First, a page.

The word castaway is a technical word familiar to those who knew the Greek Olympic games.
Paul used the term to say he did not want to be “disapproved” or “disqualified” as a servant of
At the Greek games, there was a herald who announced the rules of the contest, the names of the
contestants, and the names and cities of the winners. He would also announce the names of any
contestants who were disqualified.
Paul saw himself as both a “herald” and a “runner.” He was concerned lest he get so busy trying
to help others in the race that he ignore himself and find himself disqualified.
Again, it was not a matter of losing personal salvation. (The disqualified Greek athlete did not
lose his citizenship, only his opportunity to win a prize.) The whole emphasis is on rewards, and
Paul did not want to lose his reward.
Only one runner could win the olive-wreath crown in the Greek games, but every believer can
win an incorruptible crown when he stands before the Judgment Seat of Christ. This crown is
given to those who discipline themselves for the sake of serving Christ and winning lost souls.
They keep their bodies under control and keep their eyes on the goal. There is something to be
said for disciplined eating, exercising, and resting, and a Spirit-directed balanced life.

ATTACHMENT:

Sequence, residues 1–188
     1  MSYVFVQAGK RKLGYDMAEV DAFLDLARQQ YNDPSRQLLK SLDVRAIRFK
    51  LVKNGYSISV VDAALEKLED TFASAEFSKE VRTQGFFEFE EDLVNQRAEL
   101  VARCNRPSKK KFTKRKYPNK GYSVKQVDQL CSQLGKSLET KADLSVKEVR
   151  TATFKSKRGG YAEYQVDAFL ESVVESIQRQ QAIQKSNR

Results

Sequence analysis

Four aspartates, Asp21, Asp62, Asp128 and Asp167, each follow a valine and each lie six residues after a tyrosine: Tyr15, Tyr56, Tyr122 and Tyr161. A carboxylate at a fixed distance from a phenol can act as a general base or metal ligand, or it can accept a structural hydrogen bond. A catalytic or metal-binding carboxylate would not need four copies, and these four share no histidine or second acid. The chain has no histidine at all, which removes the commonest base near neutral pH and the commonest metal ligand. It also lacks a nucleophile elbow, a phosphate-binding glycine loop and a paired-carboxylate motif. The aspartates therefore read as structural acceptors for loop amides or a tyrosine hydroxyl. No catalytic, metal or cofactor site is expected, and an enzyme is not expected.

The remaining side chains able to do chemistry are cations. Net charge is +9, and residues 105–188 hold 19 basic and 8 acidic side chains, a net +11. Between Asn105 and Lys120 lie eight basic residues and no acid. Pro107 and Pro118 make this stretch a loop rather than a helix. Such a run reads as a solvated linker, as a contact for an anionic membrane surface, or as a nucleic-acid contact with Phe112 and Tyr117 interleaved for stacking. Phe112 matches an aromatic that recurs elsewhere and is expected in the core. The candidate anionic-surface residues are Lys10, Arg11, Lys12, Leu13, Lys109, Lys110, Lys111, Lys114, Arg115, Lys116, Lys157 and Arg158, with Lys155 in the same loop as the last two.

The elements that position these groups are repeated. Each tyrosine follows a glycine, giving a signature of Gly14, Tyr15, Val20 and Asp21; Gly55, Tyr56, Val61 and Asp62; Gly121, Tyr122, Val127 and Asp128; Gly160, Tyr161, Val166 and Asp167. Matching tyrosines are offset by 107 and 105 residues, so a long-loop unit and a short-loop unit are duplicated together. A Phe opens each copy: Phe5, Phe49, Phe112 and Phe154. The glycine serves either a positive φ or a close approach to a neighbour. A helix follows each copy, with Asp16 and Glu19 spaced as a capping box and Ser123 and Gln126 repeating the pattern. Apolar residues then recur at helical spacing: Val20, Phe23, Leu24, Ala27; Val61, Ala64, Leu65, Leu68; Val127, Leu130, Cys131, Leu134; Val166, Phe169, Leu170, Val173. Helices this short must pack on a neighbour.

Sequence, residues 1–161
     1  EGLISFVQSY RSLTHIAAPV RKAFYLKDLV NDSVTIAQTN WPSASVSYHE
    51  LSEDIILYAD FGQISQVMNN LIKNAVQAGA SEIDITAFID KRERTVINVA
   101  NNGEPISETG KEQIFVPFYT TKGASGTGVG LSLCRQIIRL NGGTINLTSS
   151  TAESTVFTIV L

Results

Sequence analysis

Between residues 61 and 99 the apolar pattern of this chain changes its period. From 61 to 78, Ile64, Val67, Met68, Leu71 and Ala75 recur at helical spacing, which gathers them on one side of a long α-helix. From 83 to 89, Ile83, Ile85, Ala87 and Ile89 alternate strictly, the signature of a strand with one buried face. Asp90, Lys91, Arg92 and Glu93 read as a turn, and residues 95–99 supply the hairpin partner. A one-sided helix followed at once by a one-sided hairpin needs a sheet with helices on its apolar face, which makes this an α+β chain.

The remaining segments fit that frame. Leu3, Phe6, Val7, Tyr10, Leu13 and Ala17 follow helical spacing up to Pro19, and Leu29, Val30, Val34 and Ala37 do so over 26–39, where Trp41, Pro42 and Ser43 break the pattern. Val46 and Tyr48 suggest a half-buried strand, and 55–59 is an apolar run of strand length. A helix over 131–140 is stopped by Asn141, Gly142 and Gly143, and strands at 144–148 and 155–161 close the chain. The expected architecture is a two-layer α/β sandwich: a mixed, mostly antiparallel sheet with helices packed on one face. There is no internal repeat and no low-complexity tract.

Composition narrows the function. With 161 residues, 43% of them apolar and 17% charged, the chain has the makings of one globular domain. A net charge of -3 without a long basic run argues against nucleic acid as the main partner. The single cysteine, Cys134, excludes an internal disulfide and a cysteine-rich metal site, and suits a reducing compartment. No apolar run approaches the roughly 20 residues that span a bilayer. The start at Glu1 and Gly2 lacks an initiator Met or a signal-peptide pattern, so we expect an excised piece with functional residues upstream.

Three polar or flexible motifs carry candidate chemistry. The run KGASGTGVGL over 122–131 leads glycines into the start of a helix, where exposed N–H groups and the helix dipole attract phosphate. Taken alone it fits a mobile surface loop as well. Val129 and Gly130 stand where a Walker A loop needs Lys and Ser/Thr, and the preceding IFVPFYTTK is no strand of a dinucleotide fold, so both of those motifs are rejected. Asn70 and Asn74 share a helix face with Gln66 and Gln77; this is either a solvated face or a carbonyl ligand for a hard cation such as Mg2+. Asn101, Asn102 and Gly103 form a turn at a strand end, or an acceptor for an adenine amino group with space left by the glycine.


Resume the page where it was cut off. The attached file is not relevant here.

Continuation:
We smugly congratulate ourselves if we do not smoke or use alcohol, but what about our
overeating and overweight? And many Christians cannot discipline their time so as to have a
consistent devotional life.
Paul had one great goal in life: to glorify the Lord by winning the lost and building up the saints.
He sacrificed immediate gains for eternal rewards, immediate pleasures for eternal joys.
Scripture for today: “Let us … lay aside every encumbrance, and the sin which so easily
entangles us, and let us run with endurance the race that is set before us, fixing our eyes on
Jesus” (Hebrews 12:1-2, NASB).
Other Scripture: 1 Corinthians 9:24-27; Hebrews 10:35-36.
Action assignment: Consider how the race is going for you. Is there an area in which you need
more self discipline? Pray about it.
WARREN W. WIERSBE